As Hughes (Beatty) is introduced, the film slowly and gradually becomes more and more frustrating as the focus moves away from the two characters you were invested in early on. Beatty takes the spotlight and runs away from it but not in a good way, as the story changes into a telling of the latter years of Hughes life, where it was questioned whether he could function on his own or not. This takes centre stage and despite Beatty being fine in his performance, it is nowhere near as interesting as what was shown in the first twenty minutes and in the trailer. Warren Beatty seemed to be on a mission to make sure that everybody knew that he had an impact on this film. Despite being the writer and director, Beatty cannot hold himself back from completely messing the film up in what can only be described as Beatty going mad with power. There are a couple of decent moments involving Beatty such as the long ongoing shot with himself and Ehrenreich exchanging small talk to one another which does show that he does possess great talent. But the problem is that he wants to be the star of everything. He meddles too much with the film and it takes you away from what you want to see in the film. It seems like Beatty wanted everyone to know that this was his and only his film.

The film could've and should've followed the relationship between Collins and Ehrenreich but it, unfortunately, does not. We get treated to over an hour and a half of Beatty holding business partners up and showing glimpses of dementia. The rest of the cast is then resorted to simply playing second fiddle as the film abandons its best parts, all so Beatty can be the star. It's not very often that you see a creator become so madly in love with themselves and put themselves in the forefront despite the film's best interests. This is a project that's only intention is to make Beattrelevantnt in todays society after years of inactivity. He would've done just that if he had just took a step back and just wrote and directed a competent romance film. Beatty is charming enough to even play a good side character who can help the film progress, instead, he completely destroys it. 'Rules Don't Apply' is a frustrating mess as early on, it has the potential to be a worthwhile watch. However, it doesn't continue that and instead is as clear a vanity project you'll ever see.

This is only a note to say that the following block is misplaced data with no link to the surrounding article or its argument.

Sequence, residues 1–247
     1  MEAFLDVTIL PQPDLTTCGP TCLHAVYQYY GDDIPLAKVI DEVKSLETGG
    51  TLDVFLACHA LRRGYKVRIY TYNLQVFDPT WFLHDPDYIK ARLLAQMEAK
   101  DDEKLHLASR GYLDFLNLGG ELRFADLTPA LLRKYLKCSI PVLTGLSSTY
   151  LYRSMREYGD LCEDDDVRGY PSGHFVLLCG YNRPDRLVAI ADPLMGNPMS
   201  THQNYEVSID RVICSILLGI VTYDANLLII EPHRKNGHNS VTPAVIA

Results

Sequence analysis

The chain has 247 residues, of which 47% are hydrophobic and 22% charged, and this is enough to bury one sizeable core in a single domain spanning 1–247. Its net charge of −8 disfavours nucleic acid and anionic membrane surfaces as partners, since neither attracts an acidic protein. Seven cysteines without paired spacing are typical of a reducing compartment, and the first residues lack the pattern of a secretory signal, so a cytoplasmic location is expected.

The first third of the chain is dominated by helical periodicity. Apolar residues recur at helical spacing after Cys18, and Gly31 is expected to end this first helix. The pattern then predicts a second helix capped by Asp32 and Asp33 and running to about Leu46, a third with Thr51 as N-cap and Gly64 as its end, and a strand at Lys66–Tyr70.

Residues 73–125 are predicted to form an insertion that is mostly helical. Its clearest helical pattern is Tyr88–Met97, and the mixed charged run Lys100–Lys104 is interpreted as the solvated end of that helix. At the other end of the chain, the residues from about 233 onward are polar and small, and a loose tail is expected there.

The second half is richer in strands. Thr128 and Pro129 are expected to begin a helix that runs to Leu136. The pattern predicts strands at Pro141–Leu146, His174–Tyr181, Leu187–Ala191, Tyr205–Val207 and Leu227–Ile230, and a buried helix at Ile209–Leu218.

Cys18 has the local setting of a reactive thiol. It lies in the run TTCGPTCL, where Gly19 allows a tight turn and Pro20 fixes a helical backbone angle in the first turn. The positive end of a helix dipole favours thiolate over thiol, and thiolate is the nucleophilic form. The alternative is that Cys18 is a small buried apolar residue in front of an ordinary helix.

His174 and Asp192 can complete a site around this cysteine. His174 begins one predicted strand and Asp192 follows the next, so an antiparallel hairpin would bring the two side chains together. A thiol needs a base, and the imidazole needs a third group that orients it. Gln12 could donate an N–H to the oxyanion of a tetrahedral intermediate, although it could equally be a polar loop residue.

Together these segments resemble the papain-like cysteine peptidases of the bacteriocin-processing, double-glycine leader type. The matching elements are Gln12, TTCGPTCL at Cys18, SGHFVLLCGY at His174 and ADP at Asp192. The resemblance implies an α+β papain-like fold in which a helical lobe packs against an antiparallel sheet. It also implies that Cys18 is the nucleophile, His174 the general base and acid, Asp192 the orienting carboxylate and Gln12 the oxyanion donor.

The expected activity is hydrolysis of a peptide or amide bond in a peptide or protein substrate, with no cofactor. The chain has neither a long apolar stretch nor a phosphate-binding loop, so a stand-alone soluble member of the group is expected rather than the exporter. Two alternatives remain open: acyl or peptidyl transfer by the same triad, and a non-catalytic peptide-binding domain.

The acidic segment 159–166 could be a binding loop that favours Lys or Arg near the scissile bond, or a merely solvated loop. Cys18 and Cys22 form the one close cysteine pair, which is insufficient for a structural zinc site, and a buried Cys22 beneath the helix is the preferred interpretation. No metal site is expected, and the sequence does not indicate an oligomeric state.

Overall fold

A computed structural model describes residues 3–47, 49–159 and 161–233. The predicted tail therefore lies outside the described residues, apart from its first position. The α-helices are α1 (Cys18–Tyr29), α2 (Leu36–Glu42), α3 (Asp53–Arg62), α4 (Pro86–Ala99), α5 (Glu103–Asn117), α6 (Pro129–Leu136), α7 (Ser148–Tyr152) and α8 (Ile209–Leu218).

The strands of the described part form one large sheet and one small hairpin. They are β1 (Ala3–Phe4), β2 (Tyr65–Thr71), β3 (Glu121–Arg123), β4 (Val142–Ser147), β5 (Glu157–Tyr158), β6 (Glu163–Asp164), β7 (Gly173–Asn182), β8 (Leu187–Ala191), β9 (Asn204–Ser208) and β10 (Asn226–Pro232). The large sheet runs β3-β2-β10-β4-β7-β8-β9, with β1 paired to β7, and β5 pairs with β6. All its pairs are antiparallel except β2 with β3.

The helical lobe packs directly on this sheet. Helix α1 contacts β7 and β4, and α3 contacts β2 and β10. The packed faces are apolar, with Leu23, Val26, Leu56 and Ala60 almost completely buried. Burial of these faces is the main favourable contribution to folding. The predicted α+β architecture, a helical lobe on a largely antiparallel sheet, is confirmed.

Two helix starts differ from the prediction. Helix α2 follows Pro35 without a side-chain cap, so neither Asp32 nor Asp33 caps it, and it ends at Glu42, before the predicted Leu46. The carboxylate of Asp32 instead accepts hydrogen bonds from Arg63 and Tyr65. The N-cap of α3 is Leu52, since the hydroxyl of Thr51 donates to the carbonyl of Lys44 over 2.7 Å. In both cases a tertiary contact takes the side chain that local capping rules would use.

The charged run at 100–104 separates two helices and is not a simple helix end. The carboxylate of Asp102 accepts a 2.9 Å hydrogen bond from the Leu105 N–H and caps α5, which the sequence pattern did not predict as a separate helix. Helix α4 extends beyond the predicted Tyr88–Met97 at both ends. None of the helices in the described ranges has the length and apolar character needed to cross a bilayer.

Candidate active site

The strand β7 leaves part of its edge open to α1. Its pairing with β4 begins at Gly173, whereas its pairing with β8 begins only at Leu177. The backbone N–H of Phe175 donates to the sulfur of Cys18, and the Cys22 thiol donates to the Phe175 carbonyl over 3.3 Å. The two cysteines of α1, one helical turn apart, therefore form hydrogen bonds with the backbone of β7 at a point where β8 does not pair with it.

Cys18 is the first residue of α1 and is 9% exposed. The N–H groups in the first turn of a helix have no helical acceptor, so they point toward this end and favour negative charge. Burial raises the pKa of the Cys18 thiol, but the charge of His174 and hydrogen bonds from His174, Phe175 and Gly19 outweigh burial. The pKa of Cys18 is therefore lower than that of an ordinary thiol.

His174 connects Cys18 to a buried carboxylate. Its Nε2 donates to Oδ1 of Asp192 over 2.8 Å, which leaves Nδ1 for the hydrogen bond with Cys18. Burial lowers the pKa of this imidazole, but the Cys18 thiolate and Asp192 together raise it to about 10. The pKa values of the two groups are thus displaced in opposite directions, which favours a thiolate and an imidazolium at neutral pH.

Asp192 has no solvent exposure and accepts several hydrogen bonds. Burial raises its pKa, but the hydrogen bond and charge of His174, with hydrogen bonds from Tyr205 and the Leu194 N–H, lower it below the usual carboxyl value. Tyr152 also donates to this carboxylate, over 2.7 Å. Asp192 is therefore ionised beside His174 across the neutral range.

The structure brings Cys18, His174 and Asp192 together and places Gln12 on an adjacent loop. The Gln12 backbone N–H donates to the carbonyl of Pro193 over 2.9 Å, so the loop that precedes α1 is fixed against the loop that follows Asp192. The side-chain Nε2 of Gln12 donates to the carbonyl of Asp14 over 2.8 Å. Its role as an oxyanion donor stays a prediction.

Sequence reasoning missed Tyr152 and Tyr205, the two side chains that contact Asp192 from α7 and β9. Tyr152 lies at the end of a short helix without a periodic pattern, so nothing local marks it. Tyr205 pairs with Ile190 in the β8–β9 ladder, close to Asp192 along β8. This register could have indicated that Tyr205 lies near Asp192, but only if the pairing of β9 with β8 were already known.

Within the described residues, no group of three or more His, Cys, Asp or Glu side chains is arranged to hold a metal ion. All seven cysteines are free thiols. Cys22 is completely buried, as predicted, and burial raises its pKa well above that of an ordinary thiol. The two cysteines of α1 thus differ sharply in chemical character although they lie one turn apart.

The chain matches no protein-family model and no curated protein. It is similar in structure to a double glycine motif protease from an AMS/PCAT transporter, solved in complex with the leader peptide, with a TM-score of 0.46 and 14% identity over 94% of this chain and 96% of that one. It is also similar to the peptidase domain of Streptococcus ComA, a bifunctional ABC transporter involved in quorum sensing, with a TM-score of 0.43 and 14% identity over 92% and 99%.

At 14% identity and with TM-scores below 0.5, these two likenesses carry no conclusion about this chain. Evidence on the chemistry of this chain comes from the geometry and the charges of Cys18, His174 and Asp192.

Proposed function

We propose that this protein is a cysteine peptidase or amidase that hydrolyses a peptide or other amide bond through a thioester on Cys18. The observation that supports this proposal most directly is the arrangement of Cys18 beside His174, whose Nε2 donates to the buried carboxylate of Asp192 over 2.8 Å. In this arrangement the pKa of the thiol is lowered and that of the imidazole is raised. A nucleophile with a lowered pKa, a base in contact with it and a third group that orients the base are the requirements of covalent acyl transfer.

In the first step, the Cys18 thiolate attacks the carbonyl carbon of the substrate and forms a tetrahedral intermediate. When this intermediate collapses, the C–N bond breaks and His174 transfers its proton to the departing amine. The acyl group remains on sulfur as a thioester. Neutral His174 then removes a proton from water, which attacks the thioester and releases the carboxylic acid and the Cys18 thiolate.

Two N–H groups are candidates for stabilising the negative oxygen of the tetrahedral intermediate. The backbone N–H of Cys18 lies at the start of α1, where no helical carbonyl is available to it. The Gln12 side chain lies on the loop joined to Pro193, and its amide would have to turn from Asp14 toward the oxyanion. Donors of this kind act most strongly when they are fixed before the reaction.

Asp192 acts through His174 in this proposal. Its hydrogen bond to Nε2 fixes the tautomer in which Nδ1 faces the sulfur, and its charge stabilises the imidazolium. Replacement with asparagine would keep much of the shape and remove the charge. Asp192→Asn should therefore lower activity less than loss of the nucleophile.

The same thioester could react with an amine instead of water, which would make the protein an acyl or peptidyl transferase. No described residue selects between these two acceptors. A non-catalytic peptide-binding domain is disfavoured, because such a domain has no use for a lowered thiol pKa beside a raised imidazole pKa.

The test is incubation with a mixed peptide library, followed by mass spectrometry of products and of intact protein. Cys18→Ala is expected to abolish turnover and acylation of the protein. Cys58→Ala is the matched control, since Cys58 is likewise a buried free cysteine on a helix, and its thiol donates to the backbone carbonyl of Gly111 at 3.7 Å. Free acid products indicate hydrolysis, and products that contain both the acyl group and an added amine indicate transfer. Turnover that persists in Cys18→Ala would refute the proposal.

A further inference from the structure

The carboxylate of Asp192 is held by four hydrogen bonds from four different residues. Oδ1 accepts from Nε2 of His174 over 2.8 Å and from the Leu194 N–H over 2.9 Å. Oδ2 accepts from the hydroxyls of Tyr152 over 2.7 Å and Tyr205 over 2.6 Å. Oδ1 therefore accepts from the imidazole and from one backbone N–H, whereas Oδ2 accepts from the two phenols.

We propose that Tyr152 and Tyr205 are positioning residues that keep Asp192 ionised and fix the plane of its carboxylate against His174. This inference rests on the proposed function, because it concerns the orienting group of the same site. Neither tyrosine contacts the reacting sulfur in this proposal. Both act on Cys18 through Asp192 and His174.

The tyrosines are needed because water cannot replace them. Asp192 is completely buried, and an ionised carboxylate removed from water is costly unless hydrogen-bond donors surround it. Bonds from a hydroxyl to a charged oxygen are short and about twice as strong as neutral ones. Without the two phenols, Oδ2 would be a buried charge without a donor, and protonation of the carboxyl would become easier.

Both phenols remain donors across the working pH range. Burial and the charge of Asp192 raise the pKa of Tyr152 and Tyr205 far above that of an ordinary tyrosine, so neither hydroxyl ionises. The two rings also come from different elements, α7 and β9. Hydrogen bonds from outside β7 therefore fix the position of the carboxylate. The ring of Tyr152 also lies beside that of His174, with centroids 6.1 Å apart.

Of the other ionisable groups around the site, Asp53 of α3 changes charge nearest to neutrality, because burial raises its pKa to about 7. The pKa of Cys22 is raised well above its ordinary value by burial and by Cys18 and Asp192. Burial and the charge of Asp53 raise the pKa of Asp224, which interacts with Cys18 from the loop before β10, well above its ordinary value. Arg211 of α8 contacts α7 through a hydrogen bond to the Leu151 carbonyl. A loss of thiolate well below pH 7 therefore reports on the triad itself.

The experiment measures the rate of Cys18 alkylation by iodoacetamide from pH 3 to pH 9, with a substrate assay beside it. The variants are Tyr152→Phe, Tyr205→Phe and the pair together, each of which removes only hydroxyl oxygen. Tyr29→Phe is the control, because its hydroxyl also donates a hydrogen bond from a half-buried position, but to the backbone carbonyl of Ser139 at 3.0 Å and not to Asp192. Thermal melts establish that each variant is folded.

Other than the clear meddling, the film does well to capture the old Hollywood feel, with its cinematography, setting and costumes playing a big role in doing so. The film is really easy on the eyes with everything looking great in what is the most consistent part of the film. As far as the acting goes, there is no real problem with any of the characters. Matthew Broderick provides great support as does Beatty's wife Annette Benning, bringing some great scenes amongst a cast mainly much younger than themselves. The experience shines through from these veterans who showcase their talents with limited screentime but lasting impact. 

A return after many years is, unfortunately, a disappointing one. This could've been so much more but it is a frustrating mess of a film. An egotistical power trip does not make a good movie and hopefully, those involved will not be harmed too much by it as they are not the problem with this film.

Final Verdict = 

So have you seen 'Rules Don't Apply'? If so, what did you think of the film? I hope that this review was useful for if you were planning on seeing the film or not. Once again, thank you for taking the time to read my blog, it is much appreciated!

By Angus McGregor